- Nicole from Quantum Vibe is an "osmotic clone" created from the genes of her mother and eleven anonymous donors. Her mom intended to use genes from 2400 people but couldn't get a viable fetus until Seamus (one of the donors and Nicole's employer) suggested using whole chromosomes instead of pieces of them.
- Dr. McNinja's arc "Why a Gorilla?" has the Doctor face off against a three headed 4 armed Gorilla "Frankenstein".
- In Worm, Blasto is apparently capable of creating these, and he attempts to make one out of Myrddin and the Simurgh. Luckily, he fails; the result is nonviable due to the Simurgh's lack of conventional biology.
- Count Driscol, Captain Cedric and Bernard the Guard in Dragomirs Diary were all originally separate people. But when all three were killed (two of them torn in half!), they were secured by a Mad Doctor and cobbled together into a single, hideous creature. (Which, to be fair, can still split into three individuals, and even when they're together the three heads retain their distinct personalities.)
- Gordon of Twig describes himself as a "chimera," a stitched-together child made from approximately twenty-six different people in order to give him the best body possible. He experiences severe phantom pain episodes when his body tries to reject its own limbs.
- Romy from Pinky and the Brain was supposed to be a normal clone of Brain, but DNA from Pinky was accidentally included in his creation, causing him to inherit traits from both mice.
- Serpentor from G.I. Joe was created from the combined DNA of ten historical figures: Julius Caesar, Napoleon Bonaparte, Attila the Hun, Philip II of Macedon and his son Alexander the Great, Ivan the Terrible, Vlad the Impaler, Hannibal, Genghis Khan, and Grigori Rasputin. Dr. Mindbender tried to get Sun Tzu as well, but was stopped by the Joes. Fortunately, that was apparently enough to throw his military competence out of whack.
- Delilah from Gargoyles is a combination of Goliath's current and former love interests, Elisa Maza and Demona - and the point where her creator Thailog's Oedipus Complex officially becomes creepy.
- Long before that, there was Coldstone, a cyborg whose "organic" (so to speak) parts came from three different gargoyles; and the body has all three souls fighting for control. And just to complicate matters, they're in a Love Triangle: a Happily Married couple and an evil male who wants the female for himself.
- The TMNT 2k3 incarnation of the Rat King (a.k.a. "The Slayer") is one of these, using DNA from Bishop, Splinter, among other possible sources.
- This happens in The Secret Saturdays when Zak and his pet komodo dragon and gorilla-cat are combined into one being.
- Robot Chicken brings us the horror of Composite Santa: genetically/visually one-half Santa, one-half Frosty the Snowman. Goku doesn't know what his powers are, "but he freaks me right the fuck out."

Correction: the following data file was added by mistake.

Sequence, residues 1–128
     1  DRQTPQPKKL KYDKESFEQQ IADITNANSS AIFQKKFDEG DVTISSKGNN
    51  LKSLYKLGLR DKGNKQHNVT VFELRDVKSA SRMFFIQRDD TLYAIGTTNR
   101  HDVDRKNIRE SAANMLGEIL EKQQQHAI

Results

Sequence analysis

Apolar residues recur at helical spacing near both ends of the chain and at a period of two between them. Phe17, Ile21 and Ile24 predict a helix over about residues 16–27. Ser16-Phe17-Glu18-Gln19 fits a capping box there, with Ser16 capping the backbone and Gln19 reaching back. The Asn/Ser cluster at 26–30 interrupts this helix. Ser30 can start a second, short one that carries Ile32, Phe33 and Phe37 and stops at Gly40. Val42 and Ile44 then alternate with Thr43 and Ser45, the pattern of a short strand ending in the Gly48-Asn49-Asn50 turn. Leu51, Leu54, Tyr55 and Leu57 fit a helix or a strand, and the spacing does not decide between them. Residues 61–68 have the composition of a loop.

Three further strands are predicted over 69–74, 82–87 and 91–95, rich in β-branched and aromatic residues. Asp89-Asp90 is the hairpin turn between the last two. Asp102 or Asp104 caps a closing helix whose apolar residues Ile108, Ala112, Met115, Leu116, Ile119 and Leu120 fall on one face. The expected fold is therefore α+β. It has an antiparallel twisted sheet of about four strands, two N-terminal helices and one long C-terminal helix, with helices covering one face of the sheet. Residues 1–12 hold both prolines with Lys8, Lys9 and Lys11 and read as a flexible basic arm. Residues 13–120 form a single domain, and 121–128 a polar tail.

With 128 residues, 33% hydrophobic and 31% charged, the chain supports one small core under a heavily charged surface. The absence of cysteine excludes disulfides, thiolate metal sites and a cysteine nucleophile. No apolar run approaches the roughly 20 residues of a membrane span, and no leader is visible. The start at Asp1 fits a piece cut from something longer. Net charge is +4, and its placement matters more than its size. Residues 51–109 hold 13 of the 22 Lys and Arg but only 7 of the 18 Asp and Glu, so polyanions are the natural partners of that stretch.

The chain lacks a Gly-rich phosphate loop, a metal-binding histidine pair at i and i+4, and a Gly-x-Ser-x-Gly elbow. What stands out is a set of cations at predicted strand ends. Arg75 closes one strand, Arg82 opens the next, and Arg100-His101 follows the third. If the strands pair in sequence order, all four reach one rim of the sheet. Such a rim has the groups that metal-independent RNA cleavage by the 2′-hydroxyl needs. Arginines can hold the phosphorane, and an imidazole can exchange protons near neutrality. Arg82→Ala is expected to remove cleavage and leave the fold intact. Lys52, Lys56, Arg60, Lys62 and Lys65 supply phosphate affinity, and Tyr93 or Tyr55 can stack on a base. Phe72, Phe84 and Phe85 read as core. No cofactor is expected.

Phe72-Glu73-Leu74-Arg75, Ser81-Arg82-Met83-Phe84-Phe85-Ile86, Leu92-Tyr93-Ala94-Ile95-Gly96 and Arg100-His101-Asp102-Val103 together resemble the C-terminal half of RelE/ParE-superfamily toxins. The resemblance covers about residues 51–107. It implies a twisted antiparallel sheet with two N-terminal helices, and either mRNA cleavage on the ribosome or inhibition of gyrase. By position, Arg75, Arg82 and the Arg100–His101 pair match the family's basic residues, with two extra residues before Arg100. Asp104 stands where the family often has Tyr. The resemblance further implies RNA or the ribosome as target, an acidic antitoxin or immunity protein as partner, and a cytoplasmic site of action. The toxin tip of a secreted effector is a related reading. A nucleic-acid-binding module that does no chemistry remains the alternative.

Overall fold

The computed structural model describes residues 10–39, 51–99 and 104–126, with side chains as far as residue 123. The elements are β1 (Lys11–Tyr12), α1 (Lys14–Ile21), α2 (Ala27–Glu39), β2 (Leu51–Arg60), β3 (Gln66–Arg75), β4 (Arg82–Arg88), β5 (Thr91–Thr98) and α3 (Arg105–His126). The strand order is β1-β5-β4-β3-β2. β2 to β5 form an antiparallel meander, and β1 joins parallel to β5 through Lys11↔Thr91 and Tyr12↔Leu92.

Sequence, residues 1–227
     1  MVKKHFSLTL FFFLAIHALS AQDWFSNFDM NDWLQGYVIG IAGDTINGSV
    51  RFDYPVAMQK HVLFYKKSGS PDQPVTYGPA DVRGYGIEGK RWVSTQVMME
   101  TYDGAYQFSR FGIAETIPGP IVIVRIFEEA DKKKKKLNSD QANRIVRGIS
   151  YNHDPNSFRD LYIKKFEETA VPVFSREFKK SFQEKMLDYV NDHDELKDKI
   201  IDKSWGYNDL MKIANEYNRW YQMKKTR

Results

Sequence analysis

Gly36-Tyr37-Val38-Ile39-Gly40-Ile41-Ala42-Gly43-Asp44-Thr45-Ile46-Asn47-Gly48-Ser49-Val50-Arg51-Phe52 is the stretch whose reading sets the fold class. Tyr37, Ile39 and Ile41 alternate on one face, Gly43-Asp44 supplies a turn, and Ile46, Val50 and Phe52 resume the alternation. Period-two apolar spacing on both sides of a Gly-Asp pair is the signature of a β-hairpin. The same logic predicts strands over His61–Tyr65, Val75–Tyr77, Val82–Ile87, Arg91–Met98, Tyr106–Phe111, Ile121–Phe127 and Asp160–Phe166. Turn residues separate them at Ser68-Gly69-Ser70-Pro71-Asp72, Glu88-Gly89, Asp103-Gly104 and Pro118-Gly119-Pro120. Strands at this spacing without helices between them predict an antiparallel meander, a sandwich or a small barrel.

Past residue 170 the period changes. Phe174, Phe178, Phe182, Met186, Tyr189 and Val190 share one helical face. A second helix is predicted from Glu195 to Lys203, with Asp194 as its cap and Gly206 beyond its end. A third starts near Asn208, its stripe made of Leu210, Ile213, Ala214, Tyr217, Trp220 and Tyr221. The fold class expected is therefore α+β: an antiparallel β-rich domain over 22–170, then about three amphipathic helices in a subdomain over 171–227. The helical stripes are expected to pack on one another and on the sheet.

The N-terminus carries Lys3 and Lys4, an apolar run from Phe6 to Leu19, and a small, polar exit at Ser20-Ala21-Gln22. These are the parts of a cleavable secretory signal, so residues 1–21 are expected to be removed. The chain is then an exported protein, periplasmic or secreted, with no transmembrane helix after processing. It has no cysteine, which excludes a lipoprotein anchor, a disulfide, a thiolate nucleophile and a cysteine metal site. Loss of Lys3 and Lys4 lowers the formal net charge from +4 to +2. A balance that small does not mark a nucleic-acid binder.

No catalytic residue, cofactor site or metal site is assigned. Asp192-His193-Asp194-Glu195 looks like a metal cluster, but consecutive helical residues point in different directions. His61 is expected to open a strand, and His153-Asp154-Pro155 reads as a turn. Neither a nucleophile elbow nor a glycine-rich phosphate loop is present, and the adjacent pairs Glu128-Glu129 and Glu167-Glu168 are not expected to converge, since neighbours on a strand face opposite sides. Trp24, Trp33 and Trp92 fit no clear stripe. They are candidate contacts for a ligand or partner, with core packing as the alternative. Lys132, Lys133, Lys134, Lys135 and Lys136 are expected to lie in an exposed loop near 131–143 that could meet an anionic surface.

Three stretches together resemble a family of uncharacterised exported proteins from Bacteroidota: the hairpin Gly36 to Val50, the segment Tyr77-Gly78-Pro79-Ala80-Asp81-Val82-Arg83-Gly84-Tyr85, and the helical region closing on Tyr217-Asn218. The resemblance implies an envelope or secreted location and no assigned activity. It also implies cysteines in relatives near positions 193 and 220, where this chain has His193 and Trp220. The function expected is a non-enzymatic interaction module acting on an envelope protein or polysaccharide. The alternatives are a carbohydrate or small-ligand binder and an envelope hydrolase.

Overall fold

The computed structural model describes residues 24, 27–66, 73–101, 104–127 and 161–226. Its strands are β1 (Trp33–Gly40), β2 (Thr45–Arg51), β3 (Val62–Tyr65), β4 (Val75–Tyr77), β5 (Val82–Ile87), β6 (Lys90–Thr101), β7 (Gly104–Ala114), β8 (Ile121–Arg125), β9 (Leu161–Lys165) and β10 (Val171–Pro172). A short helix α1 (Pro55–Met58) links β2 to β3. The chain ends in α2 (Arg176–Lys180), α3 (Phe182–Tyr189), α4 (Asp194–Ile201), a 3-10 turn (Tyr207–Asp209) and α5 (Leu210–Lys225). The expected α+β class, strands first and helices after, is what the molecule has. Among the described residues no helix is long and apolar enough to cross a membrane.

- One episode of Adventure Time has the Ice King give up on kidnapping princesses...and instead just steal a bit from a bunch of them, stitching them together into a woman called Princess Monster Wife. Their relationship is oddly sweet, but she is so freakish that Finn and Jake are unable to fight her, and she is so distraught over her appearance (and origin, when she discovers it) that she pulls a Heroic Sacrifice by returning her parts to their original owners.
- Superboy from Young Justice is a clone created from the DNA of Superman and Lex Luthor
- Rick and Morty has Abradolf Lincler, a failed experiment by Rick to create a morally neutral super leader by combining the DNA of Hitler and Lincoln. What he ended up being was an emotionally stunted, morally ambiguous jerk tormented by the duality of his being.
- Chimera of this type can occur naturally when two embryo fuse in the womb. One case resulted in a woman whose apparent genome did not match her children's because her salivary glands and ovaries actually had two different genotypes.
- Recently it's been shown that everyone has a slightly different version of Chimeraism occurring from cellular interchanges during pregnancy. Babies pick up a few from mom and mom from the child. However, these are very few.
- In addition to sexual reproduction blending the DNA of two individuals, much of our DNA is in fact viral in origin. These viruses began somewhere else, often in another species.
- Probably most impressive is the DNA responsible for mitochondria, which are a necessary part of all multicellular organisms (and a fair bit of unicellular ones, too), and which is theorized to have its origins in some far prehistoric creature, now long-extinct on its own.
- Cloned animals are typically a Mix-and-Match of two parents: the animal from which they are cloned (which provides the nucleus of the lab-generated zygote), and the animal that provided an unfertilized egg (which provides the other cellular components). They have the chromosomes of their cloned parent, and the mitochondrial DNA — what little of it there is — of the egg-donor. Averted if the same female animal is used for both.